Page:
His radical management innovations have transformed Haier from a small, failing, state-owned refrigerator maker into the world’s largest appliance brand. He groups employees into small, self-managing teams that choose their own managers, compete for internal talent, and can earn big bonuses — unusual in the West and unheard-of in China.
CEO, Nissan; CEO, Renault
Rescuing a giant, old industrial corporation in decline is almost impossible; few leaders have ever done it. Fewer still — maybe none except Ghosn — have done it while also a top executive at a separate industrial giant on the other side of the world. His salvation of Nissan from 1999 to 2005 remains “one of the most dramatic turnarounds in the history of the modern corporation,” says McKinsey. He did it by smashing Japanese cultural norms — laying off thousands of workers and cutting ties with members of the Nissan keiretsu. Japanese citizens and media were enraged, but the shock treatment worked, and Ghosn soon became a Japanese hero, his exploits even celebrated in a manga comic book. No wonder the Insead business school calls Ghosn a “transcultural leader.”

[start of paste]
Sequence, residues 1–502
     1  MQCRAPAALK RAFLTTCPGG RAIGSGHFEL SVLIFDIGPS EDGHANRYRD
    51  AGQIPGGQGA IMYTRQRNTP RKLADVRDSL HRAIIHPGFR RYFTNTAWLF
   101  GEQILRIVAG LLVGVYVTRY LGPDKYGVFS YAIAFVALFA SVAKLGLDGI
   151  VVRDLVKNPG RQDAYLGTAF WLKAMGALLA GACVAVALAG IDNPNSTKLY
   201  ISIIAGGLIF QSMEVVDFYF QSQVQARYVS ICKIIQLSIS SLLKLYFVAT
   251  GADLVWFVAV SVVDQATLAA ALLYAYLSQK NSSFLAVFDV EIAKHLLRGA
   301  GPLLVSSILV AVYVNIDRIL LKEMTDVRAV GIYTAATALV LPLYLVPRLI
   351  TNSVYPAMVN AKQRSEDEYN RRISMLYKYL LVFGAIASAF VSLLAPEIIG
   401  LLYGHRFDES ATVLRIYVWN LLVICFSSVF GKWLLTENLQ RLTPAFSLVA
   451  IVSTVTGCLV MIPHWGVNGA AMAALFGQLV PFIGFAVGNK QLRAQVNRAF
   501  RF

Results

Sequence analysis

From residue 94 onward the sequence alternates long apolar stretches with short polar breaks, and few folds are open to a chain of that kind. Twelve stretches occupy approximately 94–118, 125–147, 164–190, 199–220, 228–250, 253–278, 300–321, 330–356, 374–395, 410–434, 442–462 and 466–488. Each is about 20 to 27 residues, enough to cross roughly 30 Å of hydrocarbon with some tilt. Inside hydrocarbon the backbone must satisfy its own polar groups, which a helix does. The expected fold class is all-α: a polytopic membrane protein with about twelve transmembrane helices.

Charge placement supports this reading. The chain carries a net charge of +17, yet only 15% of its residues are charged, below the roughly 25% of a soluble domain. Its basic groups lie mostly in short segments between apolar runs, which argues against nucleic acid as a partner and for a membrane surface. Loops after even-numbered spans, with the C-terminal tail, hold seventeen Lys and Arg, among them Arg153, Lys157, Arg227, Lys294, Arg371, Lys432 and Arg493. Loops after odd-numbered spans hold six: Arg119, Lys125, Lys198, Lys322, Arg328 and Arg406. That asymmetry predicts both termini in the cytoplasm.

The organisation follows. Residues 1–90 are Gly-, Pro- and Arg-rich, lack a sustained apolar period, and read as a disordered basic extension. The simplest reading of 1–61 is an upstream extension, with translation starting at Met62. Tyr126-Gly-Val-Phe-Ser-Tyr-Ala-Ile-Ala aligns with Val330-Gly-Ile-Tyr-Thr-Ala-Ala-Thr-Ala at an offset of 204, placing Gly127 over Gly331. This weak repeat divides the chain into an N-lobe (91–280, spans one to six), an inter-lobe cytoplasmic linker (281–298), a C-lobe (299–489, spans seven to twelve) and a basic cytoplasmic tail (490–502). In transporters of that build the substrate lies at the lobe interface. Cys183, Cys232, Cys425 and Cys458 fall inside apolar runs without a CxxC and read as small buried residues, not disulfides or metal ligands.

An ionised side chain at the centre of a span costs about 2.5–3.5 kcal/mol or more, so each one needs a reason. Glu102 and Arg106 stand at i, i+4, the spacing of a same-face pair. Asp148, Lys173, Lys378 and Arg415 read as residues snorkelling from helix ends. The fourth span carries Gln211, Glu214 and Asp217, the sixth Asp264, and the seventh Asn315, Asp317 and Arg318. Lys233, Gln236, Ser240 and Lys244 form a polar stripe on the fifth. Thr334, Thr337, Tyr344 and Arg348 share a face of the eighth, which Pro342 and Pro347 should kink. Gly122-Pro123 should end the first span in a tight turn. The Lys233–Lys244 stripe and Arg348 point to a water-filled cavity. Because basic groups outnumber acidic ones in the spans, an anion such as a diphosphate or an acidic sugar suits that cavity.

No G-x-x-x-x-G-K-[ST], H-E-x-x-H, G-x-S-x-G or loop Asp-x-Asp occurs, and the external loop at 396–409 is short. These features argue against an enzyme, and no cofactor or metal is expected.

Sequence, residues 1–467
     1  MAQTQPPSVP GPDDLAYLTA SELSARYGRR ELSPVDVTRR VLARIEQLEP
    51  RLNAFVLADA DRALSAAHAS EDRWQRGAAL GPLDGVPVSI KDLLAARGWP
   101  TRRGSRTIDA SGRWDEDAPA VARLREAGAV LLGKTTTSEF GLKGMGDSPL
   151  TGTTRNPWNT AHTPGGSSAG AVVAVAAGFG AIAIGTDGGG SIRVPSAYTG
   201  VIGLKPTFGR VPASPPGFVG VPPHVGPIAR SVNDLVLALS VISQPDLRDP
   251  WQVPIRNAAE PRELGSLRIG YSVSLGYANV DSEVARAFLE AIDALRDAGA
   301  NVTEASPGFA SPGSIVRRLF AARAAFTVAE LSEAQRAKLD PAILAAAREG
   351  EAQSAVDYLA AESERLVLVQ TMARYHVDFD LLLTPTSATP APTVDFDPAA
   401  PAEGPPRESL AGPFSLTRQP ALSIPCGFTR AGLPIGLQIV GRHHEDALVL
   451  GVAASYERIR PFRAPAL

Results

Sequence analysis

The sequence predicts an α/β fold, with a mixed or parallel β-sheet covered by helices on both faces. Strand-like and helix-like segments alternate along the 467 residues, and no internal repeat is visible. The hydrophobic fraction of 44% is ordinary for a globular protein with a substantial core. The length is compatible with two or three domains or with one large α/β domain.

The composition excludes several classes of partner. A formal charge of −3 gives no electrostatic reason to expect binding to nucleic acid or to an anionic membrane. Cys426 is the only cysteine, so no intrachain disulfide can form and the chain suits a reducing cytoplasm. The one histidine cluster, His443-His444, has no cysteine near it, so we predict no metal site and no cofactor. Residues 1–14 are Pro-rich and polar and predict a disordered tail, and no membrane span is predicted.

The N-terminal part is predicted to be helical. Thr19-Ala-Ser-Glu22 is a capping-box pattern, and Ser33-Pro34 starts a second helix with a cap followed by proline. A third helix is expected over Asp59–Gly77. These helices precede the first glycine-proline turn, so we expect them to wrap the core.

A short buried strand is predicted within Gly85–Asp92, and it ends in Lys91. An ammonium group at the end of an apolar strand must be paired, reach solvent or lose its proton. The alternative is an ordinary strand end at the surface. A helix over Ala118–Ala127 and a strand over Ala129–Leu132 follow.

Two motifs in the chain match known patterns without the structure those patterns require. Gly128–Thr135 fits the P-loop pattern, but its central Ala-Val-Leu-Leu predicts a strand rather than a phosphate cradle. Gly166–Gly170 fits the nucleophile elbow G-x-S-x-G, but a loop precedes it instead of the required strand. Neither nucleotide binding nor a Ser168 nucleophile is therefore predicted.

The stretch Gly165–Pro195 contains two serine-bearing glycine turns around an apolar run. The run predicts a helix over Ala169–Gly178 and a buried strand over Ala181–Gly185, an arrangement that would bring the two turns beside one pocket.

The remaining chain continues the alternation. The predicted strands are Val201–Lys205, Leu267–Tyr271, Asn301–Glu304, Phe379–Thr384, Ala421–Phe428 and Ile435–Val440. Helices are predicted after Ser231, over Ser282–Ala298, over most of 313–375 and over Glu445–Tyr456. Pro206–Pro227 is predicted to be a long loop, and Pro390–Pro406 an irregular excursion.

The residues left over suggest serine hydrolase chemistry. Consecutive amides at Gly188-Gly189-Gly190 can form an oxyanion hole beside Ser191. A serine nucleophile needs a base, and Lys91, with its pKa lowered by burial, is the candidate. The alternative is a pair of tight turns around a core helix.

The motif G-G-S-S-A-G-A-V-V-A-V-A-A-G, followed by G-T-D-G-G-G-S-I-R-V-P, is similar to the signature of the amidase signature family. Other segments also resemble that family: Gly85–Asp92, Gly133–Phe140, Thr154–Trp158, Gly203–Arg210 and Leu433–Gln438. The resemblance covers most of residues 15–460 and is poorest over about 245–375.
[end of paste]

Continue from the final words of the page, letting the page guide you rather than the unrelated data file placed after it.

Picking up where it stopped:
Co-founder, Americans for Responsible Solutions (ARS)
Three years after she was shot at a Tucson supermarket, the former Arizona congresswoman has become a major force in the effort to end the plague of gun violence. In 2013 she and husband Mark Kelly, both gun owners, launched a Super PAC, ARS, a move that Daniel Webster, director of John Hopkins’ Center for Gun Policy and Research, calls a true “game changer.”
CEO and co-founder, Teach for All
Twenty-five years after turning her Princeton senior thesis into a national education reform program called Teach for America, Kopp is taking her model global. A low-ego leader with big dreams, the 46-yearold Kopp has recruited social entrepreneurs in 32 countries to become teachers in underfunded public schools. Her aim? “To narrow educational disparities around the world.”
Smith created a world-changing industry — overnight air delivery — that no one knew they needed until finding they couldn’t live without it. His ability to continue leading FedEx (FDX) to be bigger and more successful for 40 years is nearly unique and has sparked such transformative improvements as online package tracking. He’s still pushing and is a hero to the company’s 300,000 employees.
Juliet V. García
President, University of Texas at Brownsville